In this article, Rachel Garton, Lead Consultant at Internet Creations, a Salesforce Partner, explains the differences between Salesforce’s two main clouds — Sales Cloud and Service Cloud.
You may be exploring Salesforce for your business or trying to brush up on your technical knowledge for a job interview or a certification exam. Regardless, it’s good to understand the differences between Salesforce’s two main clouds — Sales Cloud and Service Cloud.
As a consultant, I’ve had many clients ask about the differences between the clouds and which features I thought they needed for their business. I’ve also been asked to describe 3 features that were distinct for Sales Cloud and 3 that were distinct for Service Cloud as a part of a Salesforce consultant interview!
Sales Cloud and Service Cloud are both built on the core Salesforce Platform, so there are critical features they share but are also fairly unique. So what are the key differences that makes Sales Cloud for Sales and Service Cloud for Service?
Sales Cloud is focused for sales reps and sales managers, with all key functionality geared towards account acquisition, the sales funnel, and closing deals. Similar to how Sales Cloud is geared towards sales reps and sales managers, Service Cloud is geared towards service agents and service managers. Key functionality is focused on agent efficiencies, customer experience, and managing customer service issues in line with your company’s processes and SLAs.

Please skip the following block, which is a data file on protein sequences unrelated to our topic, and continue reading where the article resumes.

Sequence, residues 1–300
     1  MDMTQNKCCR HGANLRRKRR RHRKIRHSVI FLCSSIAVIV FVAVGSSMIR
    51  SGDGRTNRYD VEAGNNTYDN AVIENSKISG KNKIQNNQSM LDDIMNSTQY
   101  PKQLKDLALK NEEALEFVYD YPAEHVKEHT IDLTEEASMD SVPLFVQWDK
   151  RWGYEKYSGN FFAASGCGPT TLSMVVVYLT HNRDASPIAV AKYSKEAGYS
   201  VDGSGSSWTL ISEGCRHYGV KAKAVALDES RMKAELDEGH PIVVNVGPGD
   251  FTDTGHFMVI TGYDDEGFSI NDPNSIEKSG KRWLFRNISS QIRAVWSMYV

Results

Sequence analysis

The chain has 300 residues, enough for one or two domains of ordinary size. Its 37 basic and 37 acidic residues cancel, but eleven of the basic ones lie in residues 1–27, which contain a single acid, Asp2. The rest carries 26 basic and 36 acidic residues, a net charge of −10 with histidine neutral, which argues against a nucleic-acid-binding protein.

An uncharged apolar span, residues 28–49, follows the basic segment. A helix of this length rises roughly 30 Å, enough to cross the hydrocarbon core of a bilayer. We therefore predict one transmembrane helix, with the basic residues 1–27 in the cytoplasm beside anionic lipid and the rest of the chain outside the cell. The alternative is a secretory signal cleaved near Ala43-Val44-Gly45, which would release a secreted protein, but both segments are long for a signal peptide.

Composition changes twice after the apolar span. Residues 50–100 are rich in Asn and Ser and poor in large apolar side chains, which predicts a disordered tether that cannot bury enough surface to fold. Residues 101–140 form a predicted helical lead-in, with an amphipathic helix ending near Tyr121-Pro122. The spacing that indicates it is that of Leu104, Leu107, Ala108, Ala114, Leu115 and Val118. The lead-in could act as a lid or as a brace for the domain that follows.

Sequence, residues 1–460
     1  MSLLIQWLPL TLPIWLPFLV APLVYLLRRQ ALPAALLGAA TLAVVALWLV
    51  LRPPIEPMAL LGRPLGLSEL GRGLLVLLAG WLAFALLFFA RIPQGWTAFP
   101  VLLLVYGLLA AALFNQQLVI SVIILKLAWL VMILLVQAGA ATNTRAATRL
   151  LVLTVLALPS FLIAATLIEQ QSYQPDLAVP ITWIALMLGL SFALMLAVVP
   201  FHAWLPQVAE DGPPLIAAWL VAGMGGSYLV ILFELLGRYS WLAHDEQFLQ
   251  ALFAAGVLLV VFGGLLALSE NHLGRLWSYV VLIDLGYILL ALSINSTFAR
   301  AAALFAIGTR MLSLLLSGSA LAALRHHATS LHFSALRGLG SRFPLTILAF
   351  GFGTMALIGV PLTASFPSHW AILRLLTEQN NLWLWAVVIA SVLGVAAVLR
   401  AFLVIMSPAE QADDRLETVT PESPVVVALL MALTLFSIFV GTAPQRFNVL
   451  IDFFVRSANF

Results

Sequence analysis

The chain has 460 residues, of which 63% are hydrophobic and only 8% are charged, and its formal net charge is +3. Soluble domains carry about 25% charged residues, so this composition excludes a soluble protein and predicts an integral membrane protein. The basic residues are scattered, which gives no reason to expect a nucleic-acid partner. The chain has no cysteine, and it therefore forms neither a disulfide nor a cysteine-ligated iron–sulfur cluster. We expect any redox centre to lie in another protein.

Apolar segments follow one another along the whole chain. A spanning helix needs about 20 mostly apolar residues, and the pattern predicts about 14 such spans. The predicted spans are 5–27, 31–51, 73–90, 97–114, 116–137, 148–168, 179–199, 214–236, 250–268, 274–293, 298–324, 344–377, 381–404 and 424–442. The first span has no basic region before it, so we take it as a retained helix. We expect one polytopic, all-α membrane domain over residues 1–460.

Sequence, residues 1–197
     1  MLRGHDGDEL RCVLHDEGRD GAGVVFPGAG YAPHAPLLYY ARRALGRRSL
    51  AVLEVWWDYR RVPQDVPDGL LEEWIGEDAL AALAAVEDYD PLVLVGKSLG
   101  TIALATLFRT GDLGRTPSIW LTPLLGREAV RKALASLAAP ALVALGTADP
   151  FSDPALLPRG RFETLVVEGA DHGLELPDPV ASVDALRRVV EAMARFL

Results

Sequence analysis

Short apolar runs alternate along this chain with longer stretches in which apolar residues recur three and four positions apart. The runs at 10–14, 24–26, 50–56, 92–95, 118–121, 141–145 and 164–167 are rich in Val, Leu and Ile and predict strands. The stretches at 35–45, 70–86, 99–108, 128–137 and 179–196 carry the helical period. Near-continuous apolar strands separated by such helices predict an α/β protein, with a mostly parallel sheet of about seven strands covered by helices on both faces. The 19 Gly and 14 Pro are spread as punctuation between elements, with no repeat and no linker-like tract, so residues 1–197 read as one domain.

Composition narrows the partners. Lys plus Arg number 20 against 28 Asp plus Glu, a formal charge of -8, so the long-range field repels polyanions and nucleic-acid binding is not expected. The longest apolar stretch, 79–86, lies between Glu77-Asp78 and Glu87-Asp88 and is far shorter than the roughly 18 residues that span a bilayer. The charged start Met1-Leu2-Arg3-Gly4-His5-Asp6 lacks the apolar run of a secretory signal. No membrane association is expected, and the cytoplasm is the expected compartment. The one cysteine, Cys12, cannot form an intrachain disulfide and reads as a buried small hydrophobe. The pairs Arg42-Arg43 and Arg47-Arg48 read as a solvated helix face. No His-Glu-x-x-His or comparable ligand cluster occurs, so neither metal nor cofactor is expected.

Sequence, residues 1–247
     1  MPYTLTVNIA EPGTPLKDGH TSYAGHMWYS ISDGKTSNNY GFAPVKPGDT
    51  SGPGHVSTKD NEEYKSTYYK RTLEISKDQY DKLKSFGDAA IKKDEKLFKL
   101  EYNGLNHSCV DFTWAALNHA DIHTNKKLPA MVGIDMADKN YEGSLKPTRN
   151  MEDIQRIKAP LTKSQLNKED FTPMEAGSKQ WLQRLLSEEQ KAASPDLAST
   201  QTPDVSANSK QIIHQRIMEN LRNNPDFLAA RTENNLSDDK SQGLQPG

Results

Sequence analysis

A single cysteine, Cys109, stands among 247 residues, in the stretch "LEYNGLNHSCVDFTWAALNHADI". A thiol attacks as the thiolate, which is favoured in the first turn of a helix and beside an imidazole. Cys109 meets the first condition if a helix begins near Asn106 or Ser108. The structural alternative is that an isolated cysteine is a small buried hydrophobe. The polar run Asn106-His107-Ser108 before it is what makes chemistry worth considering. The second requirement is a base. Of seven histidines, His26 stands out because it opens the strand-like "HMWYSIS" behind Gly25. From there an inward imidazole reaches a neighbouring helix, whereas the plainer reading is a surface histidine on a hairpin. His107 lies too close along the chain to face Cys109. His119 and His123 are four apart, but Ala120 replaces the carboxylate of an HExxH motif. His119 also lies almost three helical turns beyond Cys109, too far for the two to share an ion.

First we’ll take a quick look at these core, shared features before looking at what makes Sales Cloud for sales teams and Service Cloud for service teams.
There is a certain amount of overlap between Sales Cloud and Service Cloud, which can make things a little confusing at first. Before we dive into Sales or Service Cloud specifically, let’s look at what feature they share. These are core Salesforce concepts that almost all industries need.
Accounts and Contacts
Whether you’re in sales or service, the common thread is the customer, which is why one of Salesforce’s core features is the ability to manage your accounts and key contacts within that account. We won’t get too in-the-weeds with this since it’s core Salesforce functionality, but rest assured that Accounts and Contacts are central to both Sales and Service Clouds.